With the contribution, the organization said it will have spent $1.6 million to date in Maryland on this year’s legislative battle and the planned referendum on the new law in November.
The increased spending is part of what is expected to be a multimillion-dollar campaign in the Free State, with both sides relying on national organizations for help funding TV advertising and other campaign efforts
Besides Maryland, three other states — Maine, Minnesota and Washington — also have measures related to same-sex marriage on the November ballot.
“This is a tipping-point year in the fight for marriage equality that requires significant investment,” said Chad Griffin, president of the Human Rights Campaign. “We are committed to making sure this is the year that our opponents can no longer claim Americans will not support marriage equality at the ballot box.”
Maryland Gov. Martin O’Malley (D), who signed the state’s new law in March, also has been actively raising money for the referendum, including at an event last month in Chevy Chase that organizers said netted $250,000. The money went to Marylanders for Marriage Equality, the group leading the campaign to uphold the law.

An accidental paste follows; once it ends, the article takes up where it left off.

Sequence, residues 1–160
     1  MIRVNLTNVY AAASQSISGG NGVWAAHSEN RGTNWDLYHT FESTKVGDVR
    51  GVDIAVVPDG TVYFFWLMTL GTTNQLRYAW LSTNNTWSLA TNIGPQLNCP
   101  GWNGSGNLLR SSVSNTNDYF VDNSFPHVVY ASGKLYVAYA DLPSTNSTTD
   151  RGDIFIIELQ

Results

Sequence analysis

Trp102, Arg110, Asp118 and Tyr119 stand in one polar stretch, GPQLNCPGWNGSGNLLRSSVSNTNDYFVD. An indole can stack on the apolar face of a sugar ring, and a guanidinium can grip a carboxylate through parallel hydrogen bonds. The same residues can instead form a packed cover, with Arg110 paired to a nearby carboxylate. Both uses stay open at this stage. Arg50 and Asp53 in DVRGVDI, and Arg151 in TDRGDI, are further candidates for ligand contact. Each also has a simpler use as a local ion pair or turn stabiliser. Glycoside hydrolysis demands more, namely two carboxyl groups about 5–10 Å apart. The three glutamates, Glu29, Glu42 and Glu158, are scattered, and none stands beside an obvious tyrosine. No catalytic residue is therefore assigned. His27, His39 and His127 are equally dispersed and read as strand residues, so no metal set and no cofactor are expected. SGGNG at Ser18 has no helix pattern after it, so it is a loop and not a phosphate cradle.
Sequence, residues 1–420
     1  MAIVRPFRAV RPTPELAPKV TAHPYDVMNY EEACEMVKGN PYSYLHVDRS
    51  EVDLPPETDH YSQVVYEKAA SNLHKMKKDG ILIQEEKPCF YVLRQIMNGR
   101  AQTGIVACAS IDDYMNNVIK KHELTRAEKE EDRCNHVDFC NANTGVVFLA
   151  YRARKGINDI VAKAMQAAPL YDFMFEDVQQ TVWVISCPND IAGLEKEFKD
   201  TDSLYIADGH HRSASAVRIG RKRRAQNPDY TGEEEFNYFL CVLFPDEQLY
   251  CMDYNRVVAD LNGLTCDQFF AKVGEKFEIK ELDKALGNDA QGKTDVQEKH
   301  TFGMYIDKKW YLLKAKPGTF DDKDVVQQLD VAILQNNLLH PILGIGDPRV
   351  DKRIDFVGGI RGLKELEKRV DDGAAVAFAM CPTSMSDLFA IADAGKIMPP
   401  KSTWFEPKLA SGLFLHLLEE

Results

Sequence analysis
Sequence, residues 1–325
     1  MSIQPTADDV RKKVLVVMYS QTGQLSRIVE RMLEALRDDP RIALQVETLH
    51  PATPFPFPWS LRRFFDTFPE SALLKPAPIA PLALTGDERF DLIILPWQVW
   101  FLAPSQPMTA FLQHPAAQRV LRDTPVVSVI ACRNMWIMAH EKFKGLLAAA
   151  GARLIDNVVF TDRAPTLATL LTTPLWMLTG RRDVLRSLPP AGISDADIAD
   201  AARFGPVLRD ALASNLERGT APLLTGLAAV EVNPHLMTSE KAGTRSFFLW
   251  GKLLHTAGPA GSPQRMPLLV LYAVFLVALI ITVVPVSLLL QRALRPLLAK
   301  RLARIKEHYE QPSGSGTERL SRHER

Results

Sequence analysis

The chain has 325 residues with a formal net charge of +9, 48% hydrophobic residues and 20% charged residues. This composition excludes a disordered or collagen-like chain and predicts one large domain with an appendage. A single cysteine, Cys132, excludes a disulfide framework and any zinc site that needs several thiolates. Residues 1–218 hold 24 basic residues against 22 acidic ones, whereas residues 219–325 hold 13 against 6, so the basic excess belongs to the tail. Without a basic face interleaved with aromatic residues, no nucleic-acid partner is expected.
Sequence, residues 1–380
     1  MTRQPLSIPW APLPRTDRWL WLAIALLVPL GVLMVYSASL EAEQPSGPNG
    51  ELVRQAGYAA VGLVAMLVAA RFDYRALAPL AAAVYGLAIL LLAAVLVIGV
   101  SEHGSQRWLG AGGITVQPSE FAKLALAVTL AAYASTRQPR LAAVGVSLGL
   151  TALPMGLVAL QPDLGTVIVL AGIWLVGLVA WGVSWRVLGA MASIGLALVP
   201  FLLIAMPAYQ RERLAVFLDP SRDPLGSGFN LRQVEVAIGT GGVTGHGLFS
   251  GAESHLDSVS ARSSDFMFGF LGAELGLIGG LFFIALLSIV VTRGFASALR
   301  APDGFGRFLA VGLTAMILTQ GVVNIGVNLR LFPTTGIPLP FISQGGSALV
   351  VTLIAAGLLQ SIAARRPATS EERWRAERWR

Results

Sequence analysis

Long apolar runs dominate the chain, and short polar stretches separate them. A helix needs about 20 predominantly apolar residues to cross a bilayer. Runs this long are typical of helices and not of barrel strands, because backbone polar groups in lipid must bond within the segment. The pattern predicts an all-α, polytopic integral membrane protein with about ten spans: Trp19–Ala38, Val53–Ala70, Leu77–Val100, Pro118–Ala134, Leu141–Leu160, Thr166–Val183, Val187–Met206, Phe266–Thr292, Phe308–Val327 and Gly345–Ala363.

The referendum was triggered by a successful petition drive by the Maryland Marriage Alliance, the lead group fighting the law, which is scheduled to take effect Jan.1, if it is not overturned.
Voters in Washington are also being asked whether to affirm a same-sex marriage law passed by the legislature there — something voters in no other state have ever done.
In Maine, voters will be asked whether to affirmatively allow marriage for gays and lesbians. In Minnesota, voters will consider a constitutional amendment to ban same-sex marriages.